There is a very broad spectrum for this level of interaction of the researcher with all of these different people. It could be participation in a group meeting, where the person chimed in with a few comments or suggestions. It could be a 5-minute talk in the hallway. It could be an hour of flipping through plots on a screen together. It could be writing a new chunk of analysis software or a new subroutine in a model. It could be making plots. Not only should the time involvement be considered, but the significance of the involvement should also be considered. A five-minute conversation that completely changed your thinking on the subject might be worth coauthorship, while many hours of regular participation in a group meeting at which you mentioned the work might not rise to the level of coauthorship. As a research community, we’ve been making this judgment for a long time but, even still, there are no hard and fast rules on what contribution warrants coauthorship.

Dr. Hanson’s advice: broach the question of authorship early. With the CRediT list of author contributions handy, as well as the AGU ethical guidelines of who should be an author, including AGU Council’s thoughts on this topic, researchers should have frank and honest conversations with colleagues making contributions to their work. When you think that someone’s involvement is rising to the level of coauthorship on the eventual presentation and publication of the work, then talk with them about it. Most of us wait until the paper is written before we start to have these conversations with those outside the immediate “primary author” core group (which could just be one or two people). Author role #10 on the AGU page above is worth repeating here:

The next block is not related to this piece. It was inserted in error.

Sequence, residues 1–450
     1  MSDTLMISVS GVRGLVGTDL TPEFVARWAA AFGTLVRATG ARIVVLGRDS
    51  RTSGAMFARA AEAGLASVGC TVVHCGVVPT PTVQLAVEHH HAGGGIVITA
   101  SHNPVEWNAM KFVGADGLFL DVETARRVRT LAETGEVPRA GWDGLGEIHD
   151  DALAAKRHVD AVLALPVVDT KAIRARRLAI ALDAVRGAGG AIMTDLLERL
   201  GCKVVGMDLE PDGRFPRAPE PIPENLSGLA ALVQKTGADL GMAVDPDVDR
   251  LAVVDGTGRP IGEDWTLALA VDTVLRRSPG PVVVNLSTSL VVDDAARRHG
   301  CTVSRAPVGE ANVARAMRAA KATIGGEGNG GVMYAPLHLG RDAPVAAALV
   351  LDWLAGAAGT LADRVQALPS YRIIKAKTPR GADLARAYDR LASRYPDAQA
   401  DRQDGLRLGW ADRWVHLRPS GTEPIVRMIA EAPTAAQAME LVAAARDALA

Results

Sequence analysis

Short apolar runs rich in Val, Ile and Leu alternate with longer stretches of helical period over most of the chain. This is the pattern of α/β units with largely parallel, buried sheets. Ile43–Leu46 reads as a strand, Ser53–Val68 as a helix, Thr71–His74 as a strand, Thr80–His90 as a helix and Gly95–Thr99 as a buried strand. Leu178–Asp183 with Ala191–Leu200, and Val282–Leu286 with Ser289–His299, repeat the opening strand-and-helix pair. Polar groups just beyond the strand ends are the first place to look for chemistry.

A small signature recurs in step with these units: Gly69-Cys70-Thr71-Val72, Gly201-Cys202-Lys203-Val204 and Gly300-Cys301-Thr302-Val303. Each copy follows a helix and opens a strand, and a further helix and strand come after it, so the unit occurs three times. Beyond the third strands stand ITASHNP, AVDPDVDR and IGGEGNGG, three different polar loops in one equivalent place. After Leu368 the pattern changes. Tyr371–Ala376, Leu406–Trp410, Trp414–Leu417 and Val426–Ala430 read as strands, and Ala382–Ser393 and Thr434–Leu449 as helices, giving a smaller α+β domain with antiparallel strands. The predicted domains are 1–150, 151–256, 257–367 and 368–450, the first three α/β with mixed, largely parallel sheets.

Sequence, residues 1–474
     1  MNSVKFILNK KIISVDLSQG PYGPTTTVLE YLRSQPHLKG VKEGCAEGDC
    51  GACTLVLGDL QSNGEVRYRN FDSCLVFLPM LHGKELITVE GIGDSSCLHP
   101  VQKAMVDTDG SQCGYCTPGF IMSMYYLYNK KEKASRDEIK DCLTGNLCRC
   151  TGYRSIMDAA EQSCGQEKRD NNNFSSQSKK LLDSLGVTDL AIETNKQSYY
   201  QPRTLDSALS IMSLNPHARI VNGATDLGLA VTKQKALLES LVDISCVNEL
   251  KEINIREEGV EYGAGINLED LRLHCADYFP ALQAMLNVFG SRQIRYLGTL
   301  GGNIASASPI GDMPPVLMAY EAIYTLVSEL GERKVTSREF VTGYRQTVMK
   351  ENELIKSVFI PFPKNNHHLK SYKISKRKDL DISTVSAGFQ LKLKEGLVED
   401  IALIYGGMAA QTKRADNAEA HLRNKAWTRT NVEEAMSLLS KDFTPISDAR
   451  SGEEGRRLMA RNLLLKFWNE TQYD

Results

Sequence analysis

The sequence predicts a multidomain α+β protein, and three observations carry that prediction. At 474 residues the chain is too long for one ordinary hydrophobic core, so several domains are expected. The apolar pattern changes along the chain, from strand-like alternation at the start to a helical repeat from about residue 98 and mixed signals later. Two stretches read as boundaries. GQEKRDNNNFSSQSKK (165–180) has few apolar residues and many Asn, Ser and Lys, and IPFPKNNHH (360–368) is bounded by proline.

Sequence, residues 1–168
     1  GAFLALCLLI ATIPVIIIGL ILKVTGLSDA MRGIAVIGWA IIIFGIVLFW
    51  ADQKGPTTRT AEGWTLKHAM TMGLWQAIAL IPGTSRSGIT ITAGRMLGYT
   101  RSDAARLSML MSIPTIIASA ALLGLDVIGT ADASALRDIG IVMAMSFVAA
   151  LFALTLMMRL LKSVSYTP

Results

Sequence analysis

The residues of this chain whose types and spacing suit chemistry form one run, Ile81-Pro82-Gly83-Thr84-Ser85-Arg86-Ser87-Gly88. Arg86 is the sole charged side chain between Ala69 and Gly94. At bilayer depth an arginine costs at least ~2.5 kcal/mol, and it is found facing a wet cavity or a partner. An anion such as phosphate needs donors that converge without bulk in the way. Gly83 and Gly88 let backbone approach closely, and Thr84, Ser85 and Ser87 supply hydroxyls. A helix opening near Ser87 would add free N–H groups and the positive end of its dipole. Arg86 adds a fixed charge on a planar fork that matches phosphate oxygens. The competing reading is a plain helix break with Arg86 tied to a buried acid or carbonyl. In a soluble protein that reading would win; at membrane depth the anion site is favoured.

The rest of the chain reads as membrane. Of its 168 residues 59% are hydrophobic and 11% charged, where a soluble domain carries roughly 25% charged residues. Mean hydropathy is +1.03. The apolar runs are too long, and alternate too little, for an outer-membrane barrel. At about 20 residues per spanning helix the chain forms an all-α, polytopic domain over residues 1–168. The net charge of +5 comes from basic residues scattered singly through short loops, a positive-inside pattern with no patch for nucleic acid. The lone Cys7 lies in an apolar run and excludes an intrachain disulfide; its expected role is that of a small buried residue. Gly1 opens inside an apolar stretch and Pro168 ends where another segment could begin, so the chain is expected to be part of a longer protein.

All coauthors are responsible for the “quality and integrity of the submitted and published manuscript.” Which means that, to be a coauthor, you pretty much have to participate in the “writing – reviewing and editing” CRediT role. That could be your only involvement, but those that participated in the “conceptualization” of the study should also review and edit the manuscript before submission. If someone isn’t prepared to take on the reviewing and editing task, then their contribution has to be very strong in one of the other contributor roles to warrant coauthorship.

So, researchers honing in on results worthy of a manuscript:

  • Make an agreement with potential coauthors, saying something like this: “I think that what you’ve contributed so far warrants coauthorship on my future paper, but there is still more for you to do to get your name on the paper – please read the paper.” You should extract from them a promise to read and comment on the manuscript; without it they probably should decline to be a coauthor.
  • Offer coauthorship to all colleagues that significantly contributed to the work. Think about who impacted the research at each stage of the scientific process and offer them the chance to be a coauthor, with, or course, the additional work of “reviewing and editing” the manuscript.

The question still remains, what amount of interaction rises to the level of a “significant scientific contribution to the work?” I’ve addressed it here but it’s a subjective judgment call.

CRediT Is Here

Contributor Roles Taxonomy, CRediT, is now implemented for new submissions to AGU journals. I had a post on this a few months ago and it’s been in place with Water Resources Research for a year or so, but now it is implemented for all AGU journals, including JGR Space Physics. They have a page listing the various CRediT author roles but a much better description of them is in this Google doc. Here is the main chart from that document:


Corresponding authors, when submitting their manuscript through GEMS, now have the option to fill out these contributor roles for all coauthors on the paper. You don’t have to do it, at least not yet. Also, the current plan is to start displaying these contributor roles as part of the paper’s online information in January 2018, or whenever Wiley completes its software upgrade enabling display of these contributor role designations.